The results of the systematic reviews were provided to all members of the American Cancer Society (ACS) Prostate Cancer Advisory Committee for review before meeting and were supplemented with presentations by experts (both committee members and invited outside experts) at a face-to-face meeting of the committee.

Deliberations about the evidence occurred at the committee meetings and in a series of conference calls that preceded and followed the meeting. Relevant literature that was not captured by the systematic reviews was disseminated by individual committee members to the entire committee.

Methods Used to Formulate the Recommendations
Expert Consensus
Description of Methods Used to Formulate the Recommendations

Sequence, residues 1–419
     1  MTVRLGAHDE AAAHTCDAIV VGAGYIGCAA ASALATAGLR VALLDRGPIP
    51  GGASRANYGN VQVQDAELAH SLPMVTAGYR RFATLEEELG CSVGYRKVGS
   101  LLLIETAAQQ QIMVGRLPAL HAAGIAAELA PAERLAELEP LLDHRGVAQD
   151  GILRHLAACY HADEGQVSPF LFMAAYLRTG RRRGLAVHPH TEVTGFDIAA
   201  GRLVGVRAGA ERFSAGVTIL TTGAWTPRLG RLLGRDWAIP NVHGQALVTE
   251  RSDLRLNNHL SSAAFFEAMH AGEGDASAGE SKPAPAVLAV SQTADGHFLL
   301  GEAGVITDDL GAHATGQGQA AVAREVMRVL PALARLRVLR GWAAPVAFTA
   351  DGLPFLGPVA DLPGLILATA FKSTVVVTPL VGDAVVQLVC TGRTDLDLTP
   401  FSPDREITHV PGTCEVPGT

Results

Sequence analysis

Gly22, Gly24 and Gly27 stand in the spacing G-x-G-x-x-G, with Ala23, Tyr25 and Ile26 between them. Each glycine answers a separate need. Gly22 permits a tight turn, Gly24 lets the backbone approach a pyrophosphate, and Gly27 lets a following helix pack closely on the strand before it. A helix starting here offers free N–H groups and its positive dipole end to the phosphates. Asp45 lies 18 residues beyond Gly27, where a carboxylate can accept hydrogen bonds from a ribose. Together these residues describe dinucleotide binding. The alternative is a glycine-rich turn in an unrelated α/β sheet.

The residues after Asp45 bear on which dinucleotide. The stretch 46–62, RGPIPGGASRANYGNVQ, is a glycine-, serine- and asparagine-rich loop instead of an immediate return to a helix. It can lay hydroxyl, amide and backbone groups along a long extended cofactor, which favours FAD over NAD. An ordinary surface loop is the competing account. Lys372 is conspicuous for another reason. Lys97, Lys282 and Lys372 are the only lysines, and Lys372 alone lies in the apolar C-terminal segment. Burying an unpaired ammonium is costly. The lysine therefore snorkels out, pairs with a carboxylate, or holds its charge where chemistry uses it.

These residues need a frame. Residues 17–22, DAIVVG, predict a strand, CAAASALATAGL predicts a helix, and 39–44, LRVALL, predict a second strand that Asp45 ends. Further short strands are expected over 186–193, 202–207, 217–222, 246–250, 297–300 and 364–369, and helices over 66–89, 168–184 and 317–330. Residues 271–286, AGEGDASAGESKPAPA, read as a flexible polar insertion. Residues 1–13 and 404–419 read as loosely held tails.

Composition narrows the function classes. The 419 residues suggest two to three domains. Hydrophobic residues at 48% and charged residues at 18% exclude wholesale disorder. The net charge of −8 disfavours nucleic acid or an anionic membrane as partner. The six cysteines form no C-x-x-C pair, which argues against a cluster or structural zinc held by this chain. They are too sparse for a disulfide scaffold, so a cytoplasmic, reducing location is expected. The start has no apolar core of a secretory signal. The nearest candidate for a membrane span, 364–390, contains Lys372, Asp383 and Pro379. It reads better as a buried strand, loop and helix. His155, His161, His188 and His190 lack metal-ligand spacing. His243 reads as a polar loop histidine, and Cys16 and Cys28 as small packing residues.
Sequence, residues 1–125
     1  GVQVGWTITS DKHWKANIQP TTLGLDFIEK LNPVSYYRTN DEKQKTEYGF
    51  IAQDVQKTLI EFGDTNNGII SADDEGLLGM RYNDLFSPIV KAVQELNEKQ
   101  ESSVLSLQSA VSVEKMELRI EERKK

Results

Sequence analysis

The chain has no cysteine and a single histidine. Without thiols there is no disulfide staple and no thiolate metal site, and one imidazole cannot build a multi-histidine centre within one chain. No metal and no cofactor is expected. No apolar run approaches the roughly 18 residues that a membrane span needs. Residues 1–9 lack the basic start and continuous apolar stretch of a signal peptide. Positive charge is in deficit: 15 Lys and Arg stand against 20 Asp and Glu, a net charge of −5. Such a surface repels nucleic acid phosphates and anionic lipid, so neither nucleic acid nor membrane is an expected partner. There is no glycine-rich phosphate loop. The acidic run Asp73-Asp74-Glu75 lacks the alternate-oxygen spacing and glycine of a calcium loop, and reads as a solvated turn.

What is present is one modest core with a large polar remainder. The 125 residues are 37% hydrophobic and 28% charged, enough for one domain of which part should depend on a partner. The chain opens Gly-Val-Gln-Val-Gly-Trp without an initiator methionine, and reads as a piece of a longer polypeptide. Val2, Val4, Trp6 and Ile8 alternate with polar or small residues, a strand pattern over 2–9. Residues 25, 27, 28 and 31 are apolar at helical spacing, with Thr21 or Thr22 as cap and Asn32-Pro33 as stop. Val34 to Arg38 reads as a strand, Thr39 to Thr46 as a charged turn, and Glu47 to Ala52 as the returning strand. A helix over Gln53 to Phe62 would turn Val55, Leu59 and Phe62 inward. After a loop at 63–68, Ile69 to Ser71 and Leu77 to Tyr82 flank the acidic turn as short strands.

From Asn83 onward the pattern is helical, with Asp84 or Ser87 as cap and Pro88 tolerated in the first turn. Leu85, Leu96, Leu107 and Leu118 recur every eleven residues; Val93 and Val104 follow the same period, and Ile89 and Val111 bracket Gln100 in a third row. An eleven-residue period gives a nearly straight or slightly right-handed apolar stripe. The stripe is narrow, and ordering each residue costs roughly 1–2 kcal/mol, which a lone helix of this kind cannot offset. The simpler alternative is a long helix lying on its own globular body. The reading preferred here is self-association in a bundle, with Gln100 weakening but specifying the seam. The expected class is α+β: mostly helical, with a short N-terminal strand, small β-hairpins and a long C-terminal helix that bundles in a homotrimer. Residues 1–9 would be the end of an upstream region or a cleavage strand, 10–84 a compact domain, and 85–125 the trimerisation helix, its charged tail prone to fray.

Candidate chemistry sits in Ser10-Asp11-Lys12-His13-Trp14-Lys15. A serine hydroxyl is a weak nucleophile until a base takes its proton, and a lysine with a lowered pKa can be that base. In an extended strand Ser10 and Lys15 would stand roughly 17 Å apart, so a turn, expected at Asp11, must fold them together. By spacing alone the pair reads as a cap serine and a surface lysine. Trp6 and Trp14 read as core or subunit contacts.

The American Cancer Society Prostate Cancer Advisory Committee developed the prostate cancer early detection guideline by consensus, and a writing committee drafted a guideline document, which was circulated to the entire committee for review and revision.

Rating Scheme for the Strength of the Recommendations

Not applicable

Cost Analysis

A formal cost analysis was not performed and published cost analyses were not reviewed.

Method of Guideline Validation
External Peer Review
Internal Peer Review
Description of Method of Guideline Validation

The guideline with the supporting document was circulated to peer reviewers for feedback and then to the American Cancer Society (ACS) Mission Outcomes Committee for review. The Mission Outcomes Committee approved the guideline, suggested modifications to the supporting document, and forwarded the documents to the American Cancer Society Board of Directors for final approval.

Recommendations

Major Recommendations

Early Prostate Cancer Detection